About a million years ago, circa 1979, I began my journey through the peculiar American ritual best described as “phony, ineffectual foreign language instruction that will never, ever teach you to speak a foreign language.”

At the beginning of my first year of French, I loved the class. French, so lovely, so glamorous, so sophisticated. I couldn’t wait until I could speak it fluently.

By the middle of the year I hated that class so much that I had become a trouble-maker—a role completely out of character for me. I lobbed small objects at my classmates and smart-mouthed the teacher. But I got perfect scores on every test. That wasn’t hard to do because the class was just. so. easy. The glacial pace of instruction made me want to bang my head on the desk. Instead, I sat with my arms folded and glared.

Four years later I completed my high school French studies. Had I visited Paris at that time (and I should’ve, why didn’t I?) I probably could’ve muddled through, but it would have taken a great deal of patience on the part of the Parisians who had the misfortune to come into contact with my sadly monolingual self. Like the vast majority of native-born Americans, je ne parle pas francais.

Jumping to the present, my daughter Little Bit, now 13 and in 7th grade, has embarked on her phony, ineffectual Spanish studies. Studying a language is important to her. She’s jealous that several of her friends—the children of Asian immigrants—are bilingual. Sadly, she’s been taking Spanish for two months now and has already concluded that she will never, ever learn to speak the language this way. I don’t think she’s resorted to trouble-making, but she comes home and tells me that she got a perfect score on her Spanish test but that it’s no big point of pride because the test was just. so. easy. The pace is glacial. She wants to bang her head on the desk.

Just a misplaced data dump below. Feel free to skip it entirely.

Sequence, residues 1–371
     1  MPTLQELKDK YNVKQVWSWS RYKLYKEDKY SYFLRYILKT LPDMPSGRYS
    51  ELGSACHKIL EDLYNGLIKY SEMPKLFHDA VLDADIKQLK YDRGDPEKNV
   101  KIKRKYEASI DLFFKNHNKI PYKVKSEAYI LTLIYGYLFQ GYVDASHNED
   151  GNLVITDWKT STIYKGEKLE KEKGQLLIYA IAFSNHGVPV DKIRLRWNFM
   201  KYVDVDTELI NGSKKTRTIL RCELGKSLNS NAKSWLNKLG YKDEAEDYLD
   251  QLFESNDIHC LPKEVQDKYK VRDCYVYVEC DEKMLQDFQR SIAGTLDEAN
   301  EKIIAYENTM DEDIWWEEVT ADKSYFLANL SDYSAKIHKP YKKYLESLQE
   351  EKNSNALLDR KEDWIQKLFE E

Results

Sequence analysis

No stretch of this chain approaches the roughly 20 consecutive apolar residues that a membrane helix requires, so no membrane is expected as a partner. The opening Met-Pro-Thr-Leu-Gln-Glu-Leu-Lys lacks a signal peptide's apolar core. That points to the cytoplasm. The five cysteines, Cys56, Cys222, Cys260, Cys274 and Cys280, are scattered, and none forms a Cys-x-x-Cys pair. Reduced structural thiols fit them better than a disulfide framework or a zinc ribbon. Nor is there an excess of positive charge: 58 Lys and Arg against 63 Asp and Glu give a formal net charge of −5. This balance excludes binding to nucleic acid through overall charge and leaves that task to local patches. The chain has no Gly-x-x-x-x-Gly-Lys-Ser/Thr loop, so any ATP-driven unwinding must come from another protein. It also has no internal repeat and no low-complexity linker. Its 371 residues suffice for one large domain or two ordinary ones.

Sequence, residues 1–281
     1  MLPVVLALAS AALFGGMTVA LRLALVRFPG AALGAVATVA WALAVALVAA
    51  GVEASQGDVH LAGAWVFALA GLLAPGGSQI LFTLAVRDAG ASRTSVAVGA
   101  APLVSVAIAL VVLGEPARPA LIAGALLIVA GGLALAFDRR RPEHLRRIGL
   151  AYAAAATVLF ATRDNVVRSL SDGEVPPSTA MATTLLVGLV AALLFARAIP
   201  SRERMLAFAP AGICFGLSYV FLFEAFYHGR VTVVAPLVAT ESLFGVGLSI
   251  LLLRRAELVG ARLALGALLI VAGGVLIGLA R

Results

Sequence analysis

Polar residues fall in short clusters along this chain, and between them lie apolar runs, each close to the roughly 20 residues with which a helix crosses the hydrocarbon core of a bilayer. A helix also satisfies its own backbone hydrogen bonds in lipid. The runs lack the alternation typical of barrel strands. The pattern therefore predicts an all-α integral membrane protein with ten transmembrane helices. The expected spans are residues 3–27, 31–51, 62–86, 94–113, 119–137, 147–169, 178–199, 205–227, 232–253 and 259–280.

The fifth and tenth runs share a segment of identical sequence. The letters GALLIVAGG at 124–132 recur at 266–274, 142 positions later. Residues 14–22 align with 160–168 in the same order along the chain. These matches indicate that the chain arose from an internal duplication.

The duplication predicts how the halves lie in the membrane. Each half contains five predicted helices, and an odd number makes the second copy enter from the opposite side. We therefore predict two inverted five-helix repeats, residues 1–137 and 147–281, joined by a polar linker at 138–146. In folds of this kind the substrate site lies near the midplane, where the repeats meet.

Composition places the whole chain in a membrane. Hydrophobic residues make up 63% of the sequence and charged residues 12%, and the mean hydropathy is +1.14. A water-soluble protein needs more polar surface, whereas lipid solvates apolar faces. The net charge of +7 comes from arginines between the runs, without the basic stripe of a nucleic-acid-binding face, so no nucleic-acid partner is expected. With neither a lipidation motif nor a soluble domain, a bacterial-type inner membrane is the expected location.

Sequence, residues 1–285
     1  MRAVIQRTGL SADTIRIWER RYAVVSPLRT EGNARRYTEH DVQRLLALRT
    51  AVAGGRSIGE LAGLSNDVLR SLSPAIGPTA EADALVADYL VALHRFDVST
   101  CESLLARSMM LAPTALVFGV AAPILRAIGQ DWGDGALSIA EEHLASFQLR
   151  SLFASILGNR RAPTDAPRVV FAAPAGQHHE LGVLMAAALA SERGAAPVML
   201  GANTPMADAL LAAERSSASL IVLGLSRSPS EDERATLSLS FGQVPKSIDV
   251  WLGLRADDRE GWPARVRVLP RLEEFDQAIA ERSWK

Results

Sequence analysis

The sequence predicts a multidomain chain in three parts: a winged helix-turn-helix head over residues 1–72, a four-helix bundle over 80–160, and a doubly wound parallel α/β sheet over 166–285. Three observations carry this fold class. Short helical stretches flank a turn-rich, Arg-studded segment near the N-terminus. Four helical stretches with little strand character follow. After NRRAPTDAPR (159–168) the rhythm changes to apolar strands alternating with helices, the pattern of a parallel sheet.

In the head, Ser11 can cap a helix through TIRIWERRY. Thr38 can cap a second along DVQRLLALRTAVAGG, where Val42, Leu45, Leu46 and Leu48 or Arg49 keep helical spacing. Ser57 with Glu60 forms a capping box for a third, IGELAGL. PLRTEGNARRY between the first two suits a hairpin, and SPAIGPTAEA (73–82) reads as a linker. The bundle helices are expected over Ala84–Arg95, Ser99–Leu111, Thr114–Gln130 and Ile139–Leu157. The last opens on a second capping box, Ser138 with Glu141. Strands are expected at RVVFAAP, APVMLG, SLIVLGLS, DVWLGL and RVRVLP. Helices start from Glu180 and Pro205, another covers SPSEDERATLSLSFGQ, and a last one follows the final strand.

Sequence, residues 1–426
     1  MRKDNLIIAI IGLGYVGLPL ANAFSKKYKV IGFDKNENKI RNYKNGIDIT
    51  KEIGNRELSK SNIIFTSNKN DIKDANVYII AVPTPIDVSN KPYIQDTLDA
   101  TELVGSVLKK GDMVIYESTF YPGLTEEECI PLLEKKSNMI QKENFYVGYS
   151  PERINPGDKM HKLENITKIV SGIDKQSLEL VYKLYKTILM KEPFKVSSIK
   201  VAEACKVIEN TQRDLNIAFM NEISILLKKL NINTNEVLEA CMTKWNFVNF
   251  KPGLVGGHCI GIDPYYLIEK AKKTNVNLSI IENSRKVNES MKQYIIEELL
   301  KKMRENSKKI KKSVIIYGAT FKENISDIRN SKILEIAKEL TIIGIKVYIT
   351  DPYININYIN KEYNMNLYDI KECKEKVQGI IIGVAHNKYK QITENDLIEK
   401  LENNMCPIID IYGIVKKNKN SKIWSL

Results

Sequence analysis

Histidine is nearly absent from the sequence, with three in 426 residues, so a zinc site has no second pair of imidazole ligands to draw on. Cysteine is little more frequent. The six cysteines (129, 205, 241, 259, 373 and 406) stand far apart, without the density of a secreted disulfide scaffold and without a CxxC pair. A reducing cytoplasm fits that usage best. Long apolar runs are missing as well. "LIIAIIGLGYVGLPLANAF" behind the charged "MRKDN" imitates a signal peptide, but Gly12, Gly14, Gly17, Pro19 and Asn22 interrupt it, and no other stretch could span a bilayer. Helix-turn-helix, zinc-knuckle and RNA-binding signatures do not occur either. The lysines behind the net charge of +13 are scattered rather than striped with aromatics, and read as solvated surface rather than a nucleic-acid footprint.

Why? Why must it be this way? The citizens of other countries learn to speak other languages—usually English. And English is notoriously difficult for a non-native speaker to learn. They begin in early childhood and prioritize it.

Given the ever-increasing globalization of commerce, should we not place a priority on teaching our students functional skills in key languages? The most obvious candidates: Mandarin (world’s #1 most-spoken language) and Spanish (#2, including over 37 million people in the US).

If you’re going to wait until 7th grade or 9th grade to even begin foreign language instruction, you’re going to have to step it up from the glacial, head-banging pace that torments your most capable students.

At this point I would like to offer my apologies to Madame McKirahan, my junior high school French teacher. My behavior was execrable. But so was your class.



16 thoughts on “Tragique

  1. Because my school realized it was important to teach conversational French (and not just academic knowledge) we were forced to memorize phrases that were supposed to help us, well, conversate. All these years later, the only phrase I remember is “Ce n’est pas ce que tu m’as dit quand tu me la empruntez” which I believe translates as “That’s not what you said when you lent it to me”. It’s been forty-three years since Madame Dowdeswell taught me that, and I am still waiting for it to come up in conversation.

    • What your French teacher didn’t realize was that you were also being taught, “neither a borrower nor a lender be.” They should teach phrases that are useful in real life, like “do not speak to me until I’ve had coffee,” and “turn that #$%^ music down!”

      • Before I went to Japan in 1988, I bought a book and audiotape to learn a few useful Japanese phrases. I can ask where the elevator is and I can tell you that the toilet is broken. I can also ask where the toilet is and tell you that the elevator is broken.